Alt-J: ‘Imagine If All Music Became Interesting!’Interview
Every year, there’s one band playing the smaller tents of Reading & Leeds that packs the place...
Photo Credit: Phil Smithies
When we imagine Alt-J at home, in the studio, out and about - whatever it is they do when they’re not on stage, or talking to nosey people like us - we envisage them plotting. Plotting and scheming, with maniacal grins on their faces. Perhaps an unsettling-looking cat perched somewhere nearby; a shark with a frickin’ laser beam swimming underfoot. “Mwahahaha,” they cackle. “Mwahahahahahaha.” Alt-J, you see, are taking over the world.
It’s been an interesting few months for the boys. Having spent the last three and a half years together, it’s only more recently that things have really begun to take off: they’ve taken the charts by storm (#19 counts as a storm, right?), won over Radio 1, and scheduled in major festival appearances like they’re just another show down the local. “I’ll let you into a secret,” Joe Newman whispers to us conspiratorially when we meet. “There’s this band. It’s my band, but I don’t want people to know about it…” Unfortunately Newman isn’t letting us in on the secret to their success, rather he’s talking about the attitude of some of Alt-J’s original fans from back-in-the-day who weren’t always so happy sharing “their” band. “I think people like the idea that they’ve discovered something and they can show off with it. They can cherish it. I think people like to have discoveries and secrets with music.”
Well, the cat’s well and truly out of the bag now. Releasing their debut album ‘An Awesome Wave’ towards the end of May, the band were instantly met with critical acclaim and a legion of new followers. “When we finished the album, I thought it was really good,” explains bassist Gwil Sainsbury, when we ask if any of the success could have been anticipated. “But I think I probably thought it was really good, but pretty niche. I wasn’t convinced that it would get Radio 1 play, or anything like that.”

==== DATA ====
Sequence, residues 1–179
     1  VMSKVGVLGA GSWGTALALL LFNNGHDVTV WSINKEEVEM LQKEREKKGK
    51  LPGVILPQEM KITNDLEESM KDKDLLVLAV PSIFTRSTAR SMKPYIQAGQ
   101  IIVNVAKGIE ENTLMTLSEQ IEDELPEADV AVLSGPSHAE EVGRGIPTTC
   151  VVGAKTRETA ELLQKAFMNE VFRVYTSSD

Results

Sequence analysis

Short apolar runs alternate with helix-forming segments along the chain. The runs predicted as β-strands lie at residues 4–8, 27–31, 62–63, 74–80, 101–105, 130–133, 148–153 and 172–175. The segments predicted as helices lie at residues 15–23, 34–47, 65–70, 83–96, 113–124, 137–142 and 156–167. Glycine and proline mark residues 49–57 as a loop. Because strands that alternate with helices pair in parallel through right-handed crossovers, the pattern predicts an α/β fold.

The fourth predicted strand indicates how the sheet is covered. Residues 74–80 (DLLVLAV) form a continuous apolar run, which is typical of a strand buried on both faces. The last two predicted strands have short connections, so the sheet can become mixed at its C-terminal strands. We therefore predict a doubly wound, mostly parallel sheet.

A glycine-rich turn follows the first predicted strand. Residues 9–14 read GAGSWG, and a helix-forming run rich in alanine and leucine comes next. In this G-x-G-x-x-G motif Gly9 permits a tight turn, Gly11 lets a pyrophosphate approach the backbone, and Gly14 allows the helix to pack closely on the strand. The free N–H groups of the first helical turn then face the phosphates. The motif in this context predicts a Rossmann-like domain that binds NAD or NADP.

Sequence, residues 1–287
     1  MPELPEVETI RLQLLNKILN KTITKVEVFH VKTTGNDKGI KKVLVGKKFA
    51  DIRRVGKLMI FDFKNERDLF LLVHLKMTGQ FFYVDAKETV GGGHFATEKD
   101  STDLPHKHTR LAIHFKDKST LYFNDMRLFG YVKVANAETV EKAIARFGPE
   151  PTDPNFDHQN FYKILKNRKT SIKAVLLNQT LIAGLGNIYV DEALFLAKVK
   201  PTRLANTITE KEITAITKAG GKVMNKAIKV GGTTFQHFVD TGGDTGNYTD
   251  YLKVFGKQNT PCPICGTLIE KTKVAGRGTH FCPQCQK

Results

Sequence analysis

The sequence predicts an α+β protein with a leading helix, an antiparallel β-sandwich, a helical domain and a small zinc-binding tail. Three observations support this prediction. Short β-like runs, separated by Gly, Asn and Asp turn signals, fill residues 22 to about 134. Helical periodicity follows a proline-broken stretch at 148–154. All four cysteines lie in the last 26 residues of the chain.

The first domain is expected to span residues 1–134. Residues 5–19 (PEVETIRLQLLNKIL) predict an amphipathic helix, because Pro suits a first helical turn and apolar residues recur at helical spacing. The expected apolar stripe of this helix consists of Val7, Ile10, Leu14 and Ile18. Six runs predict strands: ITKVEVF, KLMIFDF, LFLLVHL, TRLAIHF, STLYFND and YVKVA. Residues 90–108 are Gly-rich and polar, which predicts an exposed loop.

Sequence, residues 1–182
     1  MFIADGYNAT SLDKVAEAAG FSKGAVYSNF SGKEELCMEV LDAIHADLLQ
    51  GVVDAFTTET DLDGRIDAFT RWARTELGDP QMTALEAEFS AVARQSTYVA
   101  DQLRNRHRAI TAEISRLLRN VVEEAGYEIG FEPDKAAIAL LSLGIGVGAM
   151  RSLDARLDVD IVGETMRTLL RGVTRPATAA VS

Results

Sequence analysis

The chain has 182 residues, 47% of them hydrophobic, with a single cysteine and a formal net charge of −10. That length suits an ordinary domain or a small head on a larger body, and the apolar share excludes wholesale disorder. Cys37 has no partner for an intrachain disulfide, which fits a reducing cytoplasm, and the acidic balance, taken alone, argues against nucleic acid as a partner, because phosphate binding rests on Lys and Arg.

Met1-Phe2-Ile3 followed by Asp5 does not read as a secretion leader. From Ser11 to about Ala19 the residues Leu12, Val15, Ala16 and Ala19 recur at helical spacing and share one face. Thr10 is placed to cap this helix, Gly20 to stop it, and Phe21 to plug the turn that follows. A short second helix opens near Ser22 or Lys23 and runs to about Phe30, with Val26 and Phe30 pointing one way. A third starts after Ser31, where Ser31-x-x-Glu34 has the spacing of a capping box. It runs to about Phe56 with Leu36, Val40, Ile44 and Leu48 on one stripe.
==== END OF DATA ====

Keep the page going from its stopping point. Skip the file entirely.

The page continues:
“I was aware that people were going to like the album,” adds Newman, “but I wasn’t aware of the abundance of opportunities that happen after your album is aired and played in different places and talked about by certain people. We were really proud of the album, so I always knew that it was going to be liked. At the end of the day, if we like it, then we’re comfortable that other people are going to like it. But I didn’t expect the kind of emails we were getting; that was bizarre.”
That’s understandable. As an album, it’s almost intimidating in its intricacy, sewn together with a dialogue inspired by literature and art. Everything from the track titles to the simplistic lyrical chants are layered with meaning. It’s nothing short of a creative masterpiece, but no one ever expected that to translate to the mainstream so quickly. “I think most of the time, whether it’s ideas or music, a lot of things that start off as niche but are good, or innovative, become part of the mainstream because they help change things gradually,” muses Sainsbury. “I just think our music is quite interesting. If you get other people into interesting music, and then that becomes mainstream, that’s f**king great! Imagine if all music became interesting. That’d be great, wouldn’t it?”
Ah, word of mouth. Let’s try something. Think of the most popular currently-active band you can think of, right now. One your mum likes. One you can’t open a tabloid or gossip blog without seeing. One that has teenagers going crazy. Who have you come up with? It’s One Direction, isn’t it? Well, a certain Harry Styles (don’t pretend you don’t know who that is) has just name-checked Alt-J on Twitter to over 5 million followers. “What does that mean?! I have no idea what that means!” exclaims Sainsbury, in something we reckon is half-mocking, half-fact, before keyboardist Gus Unger-Hamilton voices what we’re all thinking. “They understand what it means. They know that when they tweet about something, it causes a furore. If they were like, ‘I think the Olympics are rubbish,’ they know that would be picked up by newspaper. Similarly, if they endorse a band, they know what that means.”